If you have questions about the best particle sample collection procedure for your situation, Contact Us by email.
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 "Official Compilation of Codes, Rules and Regulations of the State of New York, Title 8. Education Department, Chapter II. Regulations of the Commissioner, Subchapter J. Buildings and Transportation, Part 155. Education Facilities", New York State Department of Education, web search 4/11/2012, original source:
Chain of Custody Form Printer friendly chain of custody form for identifying & submitting multiple mold samples
Kansas State University, department of plant pathology, extension plant pathology web page on wheat rust fungus: see http://www.oznet.ksu.edu/path-ext/factSheets/Wheat/Wheat%20Leaf%20Rust.asp
"A Brief Guide to Mold, Moisture, and Your Home",
U.S. Environmental Protection Agency US EPA - includes basic advice for building owners, occupants, and mold cleanup operations. See http://www.epa.gov/mold/moldguide.htm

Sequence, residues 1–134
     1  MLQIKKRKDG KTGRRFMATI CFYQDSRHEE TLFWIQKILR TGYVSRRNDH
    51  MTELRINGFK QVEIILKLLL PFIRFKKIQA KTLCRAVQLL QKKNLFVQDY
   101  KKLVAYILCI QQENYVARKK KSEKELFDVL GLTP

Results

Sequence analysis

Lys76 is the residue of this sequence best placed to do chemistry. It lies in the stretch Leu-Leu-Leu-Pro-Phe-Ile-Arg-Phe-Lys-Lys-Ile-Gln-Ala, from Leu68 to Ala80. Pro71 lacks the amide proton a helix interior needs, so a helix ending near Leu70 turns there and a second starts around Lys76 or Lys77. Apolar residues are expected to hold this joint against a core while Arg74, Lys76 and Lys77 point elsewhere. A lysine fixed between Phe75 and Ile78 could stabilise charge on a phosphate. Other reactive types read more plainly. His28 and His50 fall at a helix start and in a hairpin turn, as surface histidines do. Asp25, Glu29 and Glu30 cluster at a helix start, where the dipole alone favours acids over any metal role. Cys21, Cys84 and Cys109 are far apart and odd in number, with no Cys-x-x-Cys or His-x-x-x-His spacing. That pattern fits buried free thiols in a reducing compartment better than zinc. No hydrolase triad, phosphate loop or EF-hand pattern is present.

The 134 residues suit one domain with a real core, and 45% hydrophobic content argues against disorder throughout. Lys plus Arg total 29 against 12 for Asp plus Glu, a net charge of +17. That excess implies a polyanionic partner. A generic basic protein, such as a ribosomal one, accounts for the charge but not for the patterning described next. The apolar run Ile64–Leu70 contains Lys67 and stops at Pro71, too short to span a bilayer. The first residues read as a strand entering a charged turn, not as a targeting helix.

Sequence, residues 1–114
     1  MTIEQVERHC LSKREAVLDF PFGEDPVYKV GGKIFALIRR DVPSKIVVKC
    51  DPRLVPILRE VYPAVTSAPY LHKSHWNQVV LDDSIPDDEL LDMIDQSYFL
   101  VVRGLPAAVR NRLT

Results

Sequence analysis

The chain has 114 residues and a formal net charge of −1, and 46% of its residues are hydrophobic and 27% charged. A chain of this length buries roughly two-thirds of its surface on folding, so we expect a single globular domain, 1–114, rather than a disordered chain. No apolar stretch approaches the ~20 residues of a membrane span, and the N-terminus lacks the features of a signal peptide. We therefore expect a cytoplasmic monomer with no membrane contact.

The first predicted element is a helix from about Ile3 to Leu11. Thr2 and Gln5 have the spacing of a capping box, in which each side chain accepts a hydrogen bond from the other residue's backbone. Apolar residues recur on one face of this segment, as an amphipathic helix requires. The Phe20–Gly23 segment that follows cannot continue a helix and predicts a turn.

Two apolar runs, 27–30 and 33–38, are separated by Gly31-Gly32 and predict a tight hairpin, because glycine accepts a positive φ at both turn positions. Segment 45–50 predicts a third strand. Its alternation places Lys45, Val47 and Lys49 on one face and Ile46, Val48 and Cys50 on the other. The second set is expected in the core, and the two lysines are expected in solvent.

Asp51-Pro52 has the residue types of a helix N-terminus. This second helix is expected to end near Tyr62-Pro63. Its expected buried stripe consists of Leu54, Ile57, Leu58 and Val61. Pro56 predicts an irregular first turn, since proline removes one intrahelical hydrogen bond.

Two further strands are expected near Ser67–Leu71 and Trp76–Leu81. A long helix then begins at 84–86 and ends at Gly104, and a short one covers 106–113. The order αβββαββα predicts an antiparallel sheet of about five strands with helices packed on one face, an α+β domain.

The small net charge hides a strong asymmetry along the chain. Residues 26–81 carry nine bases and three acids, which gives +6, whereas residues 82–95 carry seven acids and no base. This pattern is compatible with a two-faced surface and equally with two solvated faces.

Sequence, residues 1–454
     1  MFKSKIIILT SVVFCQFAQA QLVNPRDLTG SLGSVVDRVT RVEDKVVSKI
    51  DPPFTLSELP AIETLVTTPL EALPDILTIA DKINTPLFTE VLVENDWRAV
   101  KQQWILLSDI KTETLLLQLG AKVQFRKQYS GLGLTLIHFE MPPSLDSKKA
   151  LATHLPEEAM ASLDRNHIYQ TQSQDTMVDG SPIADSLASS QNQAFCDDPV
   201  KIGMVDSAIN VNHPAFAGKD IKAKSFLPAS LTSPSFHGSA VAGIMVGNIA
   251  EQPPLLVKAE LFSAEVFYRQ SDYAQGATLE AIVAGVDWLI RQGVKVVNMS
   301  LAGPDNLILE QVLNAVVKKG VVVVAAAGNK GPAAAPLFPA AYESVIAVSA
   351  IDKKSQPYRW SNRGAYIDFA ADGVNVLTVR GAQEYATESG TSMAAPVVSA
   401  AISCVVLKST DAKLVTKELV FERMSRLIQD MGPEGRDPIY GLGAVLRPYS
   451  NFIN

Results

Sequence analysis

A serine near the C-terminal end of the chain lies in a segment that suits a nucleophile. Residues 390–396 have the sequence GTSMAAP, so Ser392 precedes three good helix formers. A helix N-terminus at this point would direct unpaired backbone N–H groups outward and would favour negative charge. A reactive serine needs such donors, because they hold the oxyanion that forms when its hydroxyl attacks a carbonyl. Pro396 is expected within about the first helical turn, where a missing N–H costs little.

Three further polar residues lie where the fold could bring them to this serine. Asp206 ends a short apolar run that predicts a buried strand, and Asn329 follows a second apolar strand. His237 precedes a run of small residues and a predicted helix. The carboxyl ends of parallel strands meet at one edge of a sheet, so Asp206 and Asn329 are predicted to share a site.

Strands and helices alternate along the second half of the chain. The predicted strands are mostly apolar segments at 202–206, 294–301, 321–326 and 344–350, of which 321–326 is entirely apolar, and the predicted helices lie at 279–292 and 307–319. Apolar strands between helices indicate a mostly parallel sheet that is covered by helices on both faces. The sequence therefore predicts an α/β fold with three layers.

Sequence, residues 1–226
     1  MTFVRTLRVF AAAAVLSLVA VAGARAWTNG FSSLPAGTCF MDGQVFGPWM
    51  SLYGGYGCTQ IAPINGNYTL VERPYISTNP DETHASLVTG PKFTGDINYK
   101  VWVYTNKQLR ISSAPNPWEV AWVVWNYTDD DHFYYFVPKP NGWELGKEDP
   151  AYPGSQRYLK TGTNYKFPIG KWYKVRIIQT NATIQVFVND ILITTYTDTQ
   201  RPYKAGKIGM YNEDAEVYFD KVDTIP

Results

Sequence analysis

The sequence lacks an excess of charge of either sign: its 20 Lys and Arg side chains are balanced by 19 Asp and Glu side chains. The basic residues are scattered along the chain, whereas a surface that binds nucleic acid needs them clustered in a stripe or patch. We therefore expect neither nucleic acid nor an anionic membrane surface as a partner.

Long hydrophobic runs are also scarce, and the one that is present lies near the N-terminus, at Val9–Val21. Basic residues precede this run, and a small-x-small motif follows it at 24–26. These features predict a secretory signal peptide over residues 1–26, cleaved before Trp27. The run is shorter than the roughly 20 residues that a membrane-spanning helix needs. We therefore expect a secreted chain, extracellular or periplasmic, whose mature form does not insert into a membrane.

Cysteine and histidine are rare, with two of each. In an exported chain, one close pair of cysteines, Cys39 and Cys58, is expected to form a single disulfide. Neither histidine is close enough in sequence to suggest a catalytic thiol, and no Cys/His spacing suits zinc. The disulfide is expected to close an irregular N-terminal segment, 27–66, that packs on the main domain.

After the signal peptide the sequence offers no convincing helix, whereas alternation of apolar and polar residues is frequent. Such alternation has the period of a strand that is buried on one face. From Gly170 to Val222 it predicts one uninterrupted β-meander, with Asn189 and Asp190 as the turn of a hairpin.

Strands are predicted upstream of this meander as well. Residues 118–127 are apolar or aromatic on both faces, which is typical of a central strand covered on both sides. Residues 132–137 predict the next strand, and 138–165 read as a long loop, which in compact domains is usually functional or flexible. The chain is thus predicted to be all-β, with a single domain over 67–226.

US EPA - Mold Remediation in Schools and Commercial Building [Copy on file at /sickhouse/EPA_Mold_Remediation_in_Schools.pdf ] - US EPA
US EPA - Una Breva Guia a Moho - Hongo [Copy on file as /sickhouse/EPA_Moho_Guia_sp.pdf - en Espanol
"IgG Food Allergy Testing by ELISA/EIA, What do they really tell us?" Sheryl B. Miller, MT (ASCP), PhD, Clinical Laboratory Director, Bastyr University Natural Health Clinic - ELISA testing accuracy: Here is an example of Miller's critique of ELISA
http://www.betterhealthusa.com/public/282.cfm - Townsend Letter for Doctors and Patients
The critique included in that article raises compelling questions about IgG testing assays, which prompts our interest in actually screening for the presence of high levels of particles that could carry allergens - dog dander or cat dander in the case at hand.
http://www.tldp.com/issue/174/IgG%20Food%20Allergy.html contains similar criticism in another venue but interestingly by the same author, Sheryl Miller. Sheryl Miller, MT (ASCP), PhD, is an Immunologist and Associate Professor of Basic and Medical Sciences at Bastyr University in Bothell, Washington. She is also the Laboratory Director of the Bastyr Natural Health Clinic Laboratory.
Allergens: Testing for the level of exposure to animal allergens is discussed at http://www.animalhealthchannel.com/animalallergy/diagnosis.shtml (lab animal exposure study is interesting because it involves a higher exposure level in some cases
Allergens: WebMD discusses allergy tests for humans at webmd.com/allergies/allergy-tests